Radiation Environment and Medicine
Vol.12, No.1

Radiation Environment and Medicine Vol.12, No.1 cover
  • Publisher : Hirosaki University Press
  • Language : English
  • ISSN : 2423-9097 , 2432-163X
  • Release : February, 2023
  • Issue : Hirosaki University Press
  • pp. 1-79



Radiation-induced Cell Death: a Multifaceted Sequel Shaping Radiation Effects

  • Keiji Suzuki*

  • Department of Radiation Medical Sciences, Atomic Bomb Disease Institute, Nagasaki University,
    1-12-4 Sakamoto, Nagasaki 852-8523, Japan


Exposure of cells to ionizing radiation (IR) results in DNA damage, among which DNA double-strand breaks (DSBs) are the most deleterious to human health. Although DSBs are efficiently mended by DSB repair systems, intolerant radiation doses cause unreparable DSBs, which persistently activate DNA damage signaling pathway. As a result, cell death is executed. A number of cell death modes have been described, including apoptosis, premature senescence, necrosis, and autophagy. While the mode of cell death is dependent on the stimuli given to cells, apoptosis and premature senescence have been documented in several studies as the two representative modes of cell death in response to radiation exposure. Particularly, it is becoming more aware that premature senescence is the common cause of cell death in various nonhematopoietic tissues, including epithelial tissues, mesenchymal tissues, and endothelial and lymphatic cells. Further studies have demonstrated that secretory phenotype is common to senescent cells, and soluble factors secreted from senescent cells, such as cytokines, chemokines, growth factors, and matrix remodeling factors, are those deeply involved in the execution of both acute and late radiation health effects. Moreover, recent evidences have demonstrated a close connection between radiotherapy-induced senescence and the development of adverse effects. Current review overviews the modes of cell death caused by radiation exposure, and discusses the physiology of cellular senescence, molecular mechanisms of radiation-induced premature senescence, significance of premature senescence in tissue reaction and late effect. Moreover, recent approaches towards the amelioration of health effects by senolytic chemicals that enable elimination of senescent cells from tissues will be presented.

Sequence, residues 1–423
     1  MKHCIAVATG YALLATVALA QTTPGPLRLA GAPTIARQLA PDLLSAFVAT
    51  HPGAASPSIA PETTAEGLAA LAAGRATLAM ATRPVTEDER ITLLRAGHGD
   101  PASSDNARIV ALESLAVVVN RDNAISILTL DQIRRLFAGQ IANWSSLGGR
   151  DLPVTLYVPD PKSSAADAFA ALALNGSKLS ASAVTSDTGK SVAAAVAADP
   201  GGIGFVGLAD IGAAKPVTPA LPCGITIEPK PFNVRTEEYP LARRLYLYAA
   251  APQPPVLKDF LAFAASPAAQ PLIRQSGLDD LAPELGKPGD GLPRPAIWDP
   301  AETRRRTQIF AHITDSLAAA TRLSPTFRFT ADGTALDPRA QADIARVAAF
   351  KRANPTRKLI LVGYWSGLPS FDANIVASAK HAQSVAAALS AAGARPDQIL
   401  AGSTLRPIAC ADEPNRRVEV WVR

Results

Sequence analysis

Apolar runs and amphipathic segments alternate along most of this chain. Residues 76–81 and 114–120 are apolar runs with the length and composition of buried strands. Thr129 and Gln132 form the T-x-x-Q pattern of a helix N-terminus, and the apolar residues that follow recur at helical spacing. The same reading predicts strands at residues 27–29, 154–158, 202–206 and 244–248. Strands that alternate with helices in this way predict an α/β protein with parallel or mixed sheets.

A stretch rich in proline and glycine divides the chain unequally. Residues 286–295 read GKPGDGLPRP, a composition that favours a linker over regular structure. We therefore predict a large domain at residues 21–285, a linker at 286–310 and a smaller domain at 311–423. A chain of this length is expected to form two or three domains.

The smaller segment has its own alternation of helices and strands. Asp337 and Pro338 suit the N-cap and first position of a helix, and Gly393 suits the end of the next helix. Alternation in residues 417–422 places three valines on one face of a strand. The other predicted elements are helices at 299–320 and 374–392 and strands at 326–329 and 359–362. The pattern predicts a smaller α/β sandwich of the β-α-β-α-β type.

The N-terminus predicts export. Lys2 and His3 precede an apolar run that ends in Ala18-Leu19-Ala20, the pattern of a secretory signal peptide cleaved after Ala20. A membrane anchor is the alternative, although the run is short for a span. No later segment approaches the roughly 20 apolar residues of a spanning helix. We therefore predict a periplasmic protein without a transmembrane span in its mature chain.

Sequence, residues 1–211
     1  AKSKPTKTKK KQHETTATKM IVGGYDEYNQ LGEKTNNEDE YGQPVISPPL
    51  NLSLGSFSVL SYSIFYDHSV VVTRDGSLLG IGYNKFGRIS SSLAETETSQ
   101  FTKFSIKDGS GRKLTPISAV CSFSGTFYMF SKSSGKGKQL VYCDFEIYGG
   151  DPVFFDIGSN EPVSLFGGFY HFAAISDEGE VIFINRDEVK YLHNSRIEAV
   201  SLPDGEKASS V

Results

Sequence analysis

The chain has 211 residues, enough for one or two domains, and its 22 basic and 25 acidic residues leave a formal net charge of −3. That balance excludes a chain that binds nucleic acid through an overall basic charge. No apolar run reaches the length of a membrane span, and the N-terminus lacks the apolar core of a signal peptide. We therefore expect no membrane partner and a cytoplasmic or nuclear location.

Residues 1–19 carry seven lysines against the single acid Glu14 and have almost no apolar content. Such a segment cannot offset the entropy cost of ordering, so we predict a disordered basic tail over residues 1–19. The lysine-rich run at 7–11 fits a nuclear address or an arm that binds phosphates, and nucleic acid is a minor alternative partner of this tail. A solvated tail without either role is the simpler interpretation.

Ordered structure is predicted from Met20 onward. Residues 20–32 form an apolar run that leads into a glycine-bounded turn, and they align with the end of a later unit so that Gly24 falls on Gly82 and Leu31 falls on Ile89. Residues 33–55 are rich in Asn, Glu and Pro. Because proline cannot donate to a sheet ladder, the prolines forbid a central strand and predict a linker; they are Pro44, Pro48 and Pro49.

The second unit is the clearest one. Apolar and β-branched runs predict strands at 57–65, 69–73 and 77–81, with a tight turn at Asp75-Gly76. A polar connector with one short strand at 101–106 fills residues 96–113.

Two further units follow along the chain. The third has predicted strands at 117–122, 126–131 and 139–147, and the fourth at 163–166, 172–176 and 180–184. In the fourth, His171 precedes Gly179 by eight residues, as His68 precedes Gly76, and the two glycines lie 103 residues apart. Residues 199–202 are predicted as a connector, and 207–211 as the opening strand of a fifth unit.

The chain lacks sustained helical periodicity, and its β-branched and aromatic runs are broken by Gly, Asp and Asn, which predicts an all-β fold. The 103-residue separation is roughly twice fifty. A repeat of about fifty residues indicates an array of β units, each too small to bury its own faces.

Status of Radon Traceability and Calibration Techniques for Radon Gas

  • Yuki Tamakuma1, Chutima Kranrod2, Masahiro Hosoda2,3 and Shinji Tokonami2*

  • 1Center for Radiation Research and Education, Nagasaki University, 1-12-4 Sakamoto, Nagasaki, Nagasaki 852-8523, Japan
    2Institute of Radiation Emergency Medicine, Hirosaki University, 66-1 Honcho, Hirosaki, Aomori 036-8564, Japan
    3Hirosaki University Graduate School of Health Sciences, 66-1 Honcho, Hirosaki, Aomori 036-8564, Japan